"The interviews were pretty laid back and mostly asked questions about my application as well as the reasons that I want to study medicine. I thought that the interview with the med student went really well, but the interview with the faculty member was much shorter and much less directed towards my application and more abstract (random)."
"The whole day was really laid back, I had afternoon interviews so I showed up around 10:30. The admissions people are really friendly and the presentations were grouped together in the same room as the lunch with med students so it went pretty smoothly. The tour was cool and we got to go inside the famous shock/trauma unit. My first interview was with a doctor in his office and the second was with a second year student."
"I had a wonderful expereince. One interview was conversational, while the other was structured more as a Q and A type interview. "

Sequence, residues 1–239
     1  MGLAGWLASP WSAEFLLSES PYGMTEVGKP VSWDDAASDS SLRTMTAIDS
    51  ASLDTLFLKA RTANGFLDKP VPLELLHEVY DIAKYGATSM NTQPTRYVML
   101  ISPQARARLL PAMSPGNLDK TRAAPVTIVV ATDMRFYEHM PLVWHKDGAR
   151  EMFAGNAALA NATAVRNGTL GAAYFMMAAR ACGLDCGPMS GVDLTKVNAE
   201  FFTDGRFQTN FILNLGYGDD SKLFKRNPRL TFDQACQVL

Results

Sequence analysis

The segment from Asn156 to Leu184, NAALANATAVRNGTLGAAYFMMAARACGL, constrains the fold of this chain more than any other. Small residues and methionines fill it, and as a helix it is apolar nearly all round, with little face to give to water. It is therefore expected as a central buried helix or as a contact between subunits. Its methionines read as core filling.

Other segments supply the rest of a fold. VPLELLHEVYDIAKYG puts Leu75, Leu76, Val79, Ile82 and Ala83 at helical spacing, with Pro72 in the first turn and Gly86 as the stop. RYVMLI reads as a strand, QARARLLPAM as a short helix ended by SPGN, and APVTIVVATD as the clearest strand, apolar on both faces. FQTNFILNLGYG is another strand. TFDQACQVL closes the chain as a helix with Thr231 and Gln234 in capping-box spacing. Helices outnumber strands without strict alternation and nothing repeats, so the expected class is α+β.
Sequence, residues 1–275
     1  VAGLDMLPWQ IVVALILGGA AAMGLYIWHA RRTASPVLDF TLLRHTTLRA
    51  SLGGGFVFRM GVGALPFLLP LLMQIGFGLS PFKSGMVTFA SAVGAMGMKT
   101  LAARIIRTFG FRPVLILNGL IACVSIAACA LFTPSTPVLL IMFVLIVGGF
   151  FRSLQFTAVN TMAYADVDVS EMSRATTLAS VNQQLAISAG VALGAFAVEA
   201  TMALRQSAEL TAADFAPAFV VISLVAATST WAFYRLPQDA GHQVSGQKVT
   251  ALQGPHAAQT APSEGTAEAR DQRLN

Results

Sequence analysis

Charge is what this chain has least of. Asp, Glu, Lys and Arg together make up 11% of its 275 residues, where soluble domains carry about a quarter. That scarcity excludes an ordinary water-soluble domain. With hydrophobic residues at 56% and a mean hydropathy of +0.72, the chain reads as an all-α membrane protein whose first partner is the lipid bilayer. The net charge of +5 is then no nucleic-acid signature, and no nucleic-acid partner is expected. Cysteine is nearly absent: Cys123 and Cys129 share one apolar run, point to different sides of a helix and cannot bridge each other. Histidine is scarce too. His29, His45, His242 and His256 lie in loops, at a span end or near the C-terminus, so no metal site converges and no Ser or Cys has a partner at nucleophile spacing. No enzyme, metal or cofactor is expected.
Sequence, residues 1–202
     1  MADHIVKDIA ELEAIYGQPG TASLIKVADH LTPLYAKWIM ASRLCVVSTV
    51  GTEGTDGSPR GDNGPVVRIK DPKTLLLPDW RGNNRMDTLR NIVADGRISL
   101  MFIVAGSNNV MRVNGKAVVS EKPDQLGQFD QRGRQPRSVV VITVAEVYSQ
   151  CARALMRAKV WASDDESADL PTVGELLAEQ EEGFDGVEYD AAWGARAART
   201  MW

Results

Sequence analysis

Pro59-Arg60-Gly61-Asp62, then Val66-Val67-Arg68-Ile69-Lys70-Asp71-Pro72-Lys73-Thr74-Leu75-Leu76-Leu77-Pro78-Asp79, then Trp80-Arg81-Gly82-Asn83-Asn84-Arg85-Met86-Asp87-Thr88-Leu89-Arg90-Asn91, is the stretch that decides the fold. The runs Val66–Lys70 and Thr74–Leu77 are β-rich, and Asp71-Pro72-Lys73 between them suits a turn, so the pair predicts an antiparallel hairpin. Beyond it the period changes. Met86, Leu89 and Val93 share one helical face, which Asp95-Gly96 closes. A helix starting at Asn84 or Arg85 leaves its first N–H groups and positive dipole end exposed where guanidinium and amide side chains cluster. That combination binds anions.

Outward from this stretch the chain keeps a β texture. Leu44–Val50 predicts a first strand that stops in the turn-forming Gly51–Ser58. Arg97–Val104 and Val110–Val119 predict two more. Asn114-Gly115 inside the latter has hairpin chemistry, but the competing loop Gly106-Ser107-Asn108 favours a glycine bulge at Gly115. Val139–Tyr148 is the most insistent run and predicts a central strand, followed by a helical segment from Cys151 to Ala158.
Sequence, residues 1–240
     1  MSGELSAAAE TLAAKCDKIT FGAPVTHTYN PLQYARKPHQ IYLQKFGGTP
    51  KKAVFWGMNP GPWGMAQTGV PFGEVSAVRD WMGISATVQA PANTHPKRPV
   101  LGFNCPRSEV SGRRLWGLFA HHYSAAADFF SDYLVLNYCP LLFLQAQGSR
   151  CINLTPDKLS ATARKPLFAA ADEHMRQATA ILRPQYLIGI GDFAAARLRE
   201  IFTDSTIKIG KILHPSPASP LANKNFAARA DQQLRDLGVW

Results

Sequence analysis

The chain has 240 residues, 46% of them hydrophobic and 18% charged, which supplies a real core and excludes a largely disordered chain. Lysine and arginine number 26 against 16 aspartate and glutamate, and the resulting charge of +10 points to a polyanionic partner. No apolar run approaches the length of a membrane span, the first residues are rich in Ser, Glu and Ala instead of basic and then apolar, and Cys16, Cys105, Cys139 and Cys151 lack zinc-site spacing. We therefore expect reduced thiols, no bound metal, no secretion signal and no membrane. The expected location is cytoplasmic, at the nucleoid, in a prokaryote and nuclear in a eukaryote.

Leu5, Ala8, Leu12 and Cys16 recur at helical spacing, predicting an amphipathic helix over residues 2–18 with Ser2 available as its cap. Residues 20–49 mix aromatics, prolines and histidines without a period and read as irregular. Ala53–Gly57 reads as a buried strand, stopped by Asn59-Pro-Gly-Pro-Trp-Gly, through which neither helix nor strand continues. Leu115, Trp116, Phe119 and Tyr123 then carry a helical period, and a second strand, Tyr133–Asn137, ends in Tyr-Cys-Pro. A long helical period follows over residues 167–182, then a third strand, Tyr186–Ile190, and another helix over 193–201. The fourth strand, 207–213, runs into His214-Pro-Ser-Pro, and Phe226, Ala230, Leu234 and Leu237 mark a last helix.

"The first one was really short (15 min) and we just talked about my life, what I like to do and what kind of doctor I want to be. The second one was much longer (45-50 min). She seemed to be really busy, but overall it went well. The interviewer for the 2nd one asked me more theoretical questions, like, how would you handle _____?"
"I think my interests were matched, because both of my interviewers were female cancer researchers. My first interviewer asked very detailed questions about the research I assist in, i.e. how do specific assays work, how do the drugs work mechanistically. It felt like the Spanish Inquisition. But, in fairness, this was my first interview, extremely nervous, and obviously underprepared to answer pretty straighforward questions. The second interviewer was much warmer and more encouraging of my interests, so a negative impression of MD balanced out to neutral. "
"Very positive...If I was in-state, this would definitely be a top choice!"